Early Childhood Teacher Anneke van de Vusse tells the story of Vy Lam, who recently arrived in Australia from Vietnam, crying on one of her first days at Gowrie Victoria’s Carlton Learning Precinct service. Anneke says she watched as Kyro Zac, a boy from Indonesia who was also new to an English-dominant environment, approach her with an armful of dolls and drop them at her feet. “She stopped crying and the two had a conversation, each speaking in their respective home languages, and communicating through body language and gestures.”

This display of empathy is commonplace at the early childhood education service, where there are more than 25 different languages spoken in just one of the classrooms. “Many of our children here are new to English,” Anneke says. “More than a third are new to Australia and many to formalised early childhood education as well. It can be overwhelming for them.”

Learning how to listen to, respond to and include children who don’t share a common verbal language is a part of the high-quality practice at CLP. Early Years Leader Kristie Dowell says it comes down to relationships. “You have to be good at reading cues, you have to be intuitive and culturally sensitive,” she says.

Body language and gestures, key words and visual aids are all finely tuned strategies to enhance communication, while play-based learning, inclusive practice and connections with families create an environment of trust and understanding.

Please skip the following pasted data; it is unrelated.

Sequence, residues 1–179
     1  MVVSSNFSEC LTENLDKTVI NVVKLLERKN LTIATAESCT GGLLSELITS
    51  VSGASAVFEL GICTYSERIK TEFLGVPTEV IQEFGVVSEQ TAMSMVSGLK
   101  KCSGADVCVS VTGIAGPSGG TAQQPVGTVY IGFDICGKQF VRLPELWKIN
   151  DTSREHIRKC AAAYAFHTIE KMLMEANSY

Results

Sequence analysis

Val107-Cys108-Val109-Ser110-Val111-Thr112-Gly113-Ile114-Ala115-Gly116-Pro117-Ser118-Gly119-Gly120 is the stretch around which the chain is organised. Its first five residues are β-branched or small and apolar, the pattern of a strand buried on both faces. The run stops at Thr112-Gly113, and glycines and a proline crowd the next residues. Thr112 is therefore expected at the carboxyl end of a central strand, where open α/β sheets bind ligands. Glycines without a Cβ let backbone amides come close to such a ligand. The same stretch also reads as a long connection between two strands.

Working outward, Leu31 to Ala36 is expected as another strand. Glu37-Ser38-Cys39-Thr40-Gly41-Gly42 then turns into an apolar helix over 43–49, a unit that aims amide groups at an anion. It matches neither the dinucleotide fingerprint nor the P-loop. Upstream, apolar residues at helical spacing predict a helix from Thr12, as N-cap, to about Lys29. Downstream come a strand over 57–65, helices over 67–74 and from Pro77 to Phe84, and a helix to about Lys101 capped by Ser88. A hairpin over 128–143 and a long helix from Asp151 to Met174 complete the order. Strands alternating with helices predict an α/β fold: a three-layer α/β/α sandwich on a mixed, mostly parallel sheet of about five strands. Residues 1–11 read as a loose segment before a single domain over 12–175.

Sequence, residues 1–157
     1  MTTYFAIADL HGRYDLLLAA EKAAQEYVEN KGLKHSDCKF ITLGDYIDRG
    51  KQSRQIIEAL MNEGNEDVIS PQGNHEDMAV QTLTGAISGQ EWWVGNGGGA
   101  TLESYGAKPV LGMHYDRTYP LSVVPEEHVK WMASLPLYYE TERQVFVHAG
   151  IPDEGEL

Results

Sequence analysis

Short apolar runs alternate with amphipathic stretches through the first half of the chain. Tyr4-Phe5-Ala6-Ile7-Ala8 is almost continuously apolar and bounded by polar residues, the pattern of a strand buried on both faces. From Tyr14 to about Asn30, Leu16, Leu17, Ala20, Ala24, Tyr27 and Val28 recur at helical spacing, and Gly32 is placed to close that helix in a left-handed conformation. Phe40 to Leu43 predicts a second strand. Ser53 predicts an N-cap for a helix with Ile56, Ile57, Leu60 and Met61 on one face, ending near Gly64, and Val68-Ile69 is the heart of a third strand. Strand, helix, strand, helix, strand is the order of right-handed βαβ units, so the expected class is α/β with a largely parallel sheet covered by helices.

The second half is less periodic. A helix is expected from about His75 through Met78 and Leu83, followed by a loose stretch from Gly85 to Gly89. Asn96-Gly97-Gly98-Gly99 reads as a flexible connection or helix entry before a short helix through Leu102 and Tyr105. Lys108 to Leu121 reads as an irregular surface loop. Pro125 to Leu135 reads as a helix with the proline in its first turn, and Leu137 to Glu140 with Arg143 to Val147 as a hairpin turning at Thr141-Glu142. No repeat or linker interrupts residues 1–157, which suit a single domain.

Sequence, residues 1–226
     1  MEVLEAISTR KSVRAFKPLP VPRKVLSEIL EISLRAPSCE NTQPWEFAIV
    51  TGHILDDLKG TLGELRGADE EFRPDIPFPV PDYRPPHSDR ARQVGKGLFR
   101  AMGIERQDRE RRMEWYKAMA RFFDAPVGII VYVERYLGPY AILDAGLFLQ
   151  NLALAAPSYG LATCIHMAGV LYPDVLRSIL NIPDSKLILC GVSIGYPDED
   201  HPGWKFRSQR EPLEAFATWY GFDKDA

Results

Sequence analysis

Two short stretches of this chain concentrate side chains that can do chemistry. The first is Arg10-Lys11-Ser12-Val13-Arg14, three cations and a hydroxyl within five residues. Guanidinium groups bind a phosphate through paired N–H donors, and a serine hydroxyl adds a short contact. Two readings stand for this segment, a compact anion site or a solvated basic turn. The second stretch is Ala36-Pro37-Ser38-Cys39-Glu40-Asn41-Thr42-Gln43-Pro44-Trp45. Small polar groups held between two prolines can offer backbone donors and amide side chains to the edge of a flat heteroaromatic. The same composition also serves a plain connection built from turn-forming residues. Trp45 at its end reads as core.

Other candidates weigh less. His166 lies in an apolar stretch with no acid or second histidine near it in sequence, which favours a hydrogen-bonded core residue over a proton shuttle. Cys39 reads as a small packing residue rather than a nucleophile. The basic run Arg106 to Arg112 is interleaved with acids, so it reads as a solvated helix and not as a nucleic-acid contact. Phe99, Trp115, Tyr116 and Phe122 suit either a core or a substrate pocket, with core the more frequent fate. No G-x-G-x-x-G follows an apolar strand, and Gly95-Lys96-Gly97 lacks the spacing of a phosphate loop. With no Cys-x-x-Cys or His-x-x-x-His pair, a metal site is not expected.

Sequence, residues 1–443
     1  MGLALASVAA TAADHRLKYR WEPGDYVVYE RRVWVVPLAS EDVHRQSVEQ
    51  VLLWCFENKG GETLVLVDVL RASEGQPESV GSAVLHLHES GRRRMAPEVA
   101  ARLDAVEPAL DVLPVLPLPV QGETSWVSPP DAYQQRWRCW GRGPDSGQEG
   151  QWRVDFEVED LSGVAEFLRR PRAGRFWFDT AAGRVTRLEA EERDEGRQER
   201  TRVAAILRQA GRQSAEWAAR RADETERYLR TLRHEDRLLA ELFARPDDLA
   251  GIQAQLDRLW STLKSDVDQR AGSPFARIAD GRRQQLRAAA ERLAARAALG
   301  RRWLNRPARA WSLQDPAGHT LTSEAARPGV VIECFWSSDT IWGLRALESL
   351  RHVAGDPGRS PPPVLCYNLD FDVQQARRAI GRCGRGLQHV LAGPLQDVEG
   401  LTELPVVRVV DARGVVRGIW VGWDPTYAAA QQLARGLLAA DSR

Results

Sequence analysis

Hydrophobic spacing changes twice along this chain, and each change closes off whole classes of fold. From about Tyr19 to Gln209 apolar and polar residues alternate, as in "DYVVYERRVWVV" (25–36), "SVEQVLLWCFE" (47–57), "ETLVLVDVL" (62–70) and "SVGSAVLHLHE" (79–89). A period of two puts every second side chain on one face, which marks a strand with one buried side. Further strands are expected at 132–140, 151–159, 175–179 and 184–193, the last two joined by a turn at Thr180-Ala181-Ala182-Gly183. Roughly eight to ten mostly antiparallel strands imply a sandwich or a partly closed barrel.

“It’s often about tapping into the intangible,” Kristie says. “Everything a child touches or does is imbued with meaning and their perception of the world. Whatever they’re doing at that time is telling us something about that child. This is the common language of humanity.”

A storytelling project in Anneke’s room has been introduced with that common language in mind. “We have a table of recycled objects – bottle caps, cardboard, buttons – set up,” she says. “A small group will sit with one of our teachers who will pose a question and then let the children tell their own story through the objects. To the outsider, it looks like a big mess. But to the children, it’s a whole world and every part represents part of their story.”

What started as a rainbow princess castle quickly turned into an elaborate mouse house with tunnels, a boat house and a food court.

The princess can still go to work in the tower but the mice live in the house underneath


It’s okay if anyone else goes into the mouse house because all the animals are welcome


“The children are curious about everything and everyone. They are so full of empathy and acceptance,” Anneke says. “They might not speak the same verbal language yet, but there’s a shared understanding of experience and of being together.”